Two rare pattern coins that were submitted as entries in the
competition to select the Irish Free State’s new money in 1927 excited
bidders at Dix Noonan Webb's June 8-9 auction of coins, paper money,
tokens and historical medals in London.
A pattern halfcrown, estimated at £4,000 to £5,000, fetched more
than twice that, selling for £13,200 including seller's fee, while a
threepence expected to sell for £2,800 to £3,200 made £7,200 including
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The entire auction roster realized £774,072.
The two bronze Irish coins were designed by Italian sculptor Publio
Morbiducci (1889 to 1963) as part of his successful entry in the
competition to design the newly-independent nation’s currency.
The great Irish coin collector and expert Gerard Brady described
them as having “an ageless character and beauty” with a rearing horse
on the halfcrown and a hare on the threepence.
They were bought by two different private collectors.
What is a pattern coin?
Pattern coins are not struck for regular circulation. Instead, they
are meant to serve as test coins so that a particular design could be
The Irish coins that headlined the Dix Noonan Webb are indeed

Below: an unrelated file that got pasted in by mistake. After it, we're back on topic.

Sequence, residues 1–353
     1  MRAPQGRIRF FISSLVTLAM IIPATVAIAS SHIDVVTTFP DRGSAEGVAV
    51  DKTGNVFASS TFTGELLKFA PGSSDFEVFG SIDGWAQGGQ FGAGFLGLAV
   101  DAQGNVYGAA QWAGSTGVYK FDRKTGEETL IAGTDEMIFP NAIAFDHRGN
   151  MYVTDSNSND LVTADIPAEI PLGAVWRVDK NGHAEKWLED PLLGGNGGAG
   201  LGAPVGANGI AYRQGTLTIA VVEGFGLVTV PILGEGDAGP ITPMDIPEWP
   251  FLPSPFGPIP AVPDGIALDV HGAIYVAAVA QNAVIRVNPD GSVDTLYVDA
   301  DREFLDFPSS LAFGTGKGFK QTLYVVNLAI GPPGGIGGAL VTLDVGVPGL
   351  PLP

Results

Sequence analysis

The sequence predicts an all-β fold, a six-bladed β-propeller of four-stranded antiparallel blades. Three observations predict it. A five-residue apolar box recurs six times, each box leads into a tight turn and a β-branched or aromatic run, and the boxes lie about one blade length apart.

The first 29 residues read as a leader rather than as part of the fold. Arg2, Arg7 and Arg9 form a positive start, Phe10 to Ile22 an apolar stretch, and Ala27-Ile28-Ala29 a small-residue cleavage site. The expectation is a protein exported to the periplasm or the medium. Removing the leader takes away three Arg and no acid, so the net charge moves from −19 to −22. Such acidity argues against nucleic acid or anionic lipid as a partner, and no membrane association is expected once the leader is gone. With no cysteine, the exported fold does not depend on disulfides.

pattern coins, not approved for release and produced for the purposes
of evaluating a proposed coin design.
How did they get into private hands?
The two coins were given by Morbiducci to the seller’s grandfather
in Italy before World War II and passed down through the family.
It is not known how many of these coins, struck by the Milanese
medallists Lorioli Castelli, have survived.
In the 1970s Brady said that he knew of only one halfcrown, then in
a private collection in Dublin, and four threepences.
Dix Noonan Webb described both coins as being “of the highest
rarity,” their attractiveness increased by the fact that the condition
of both was “virtually as struck.”
Other auction highlights
Proof sets of British coins fetched strong prices at the auction
with a Victorian 1887 set in an unofficial leather case selling for
£31,200, in line with its £24,000 to £30,000 estimate.
A 1911 set from the reign of George V fetched £16,800, against an
estimate of £12,000 to £15,000.
The two principal collections in the auctions were English hammered
coins, the property of a Cambridge scholar, which sold for a total of
£159,348, and British milled coins, the property of a gentleman, which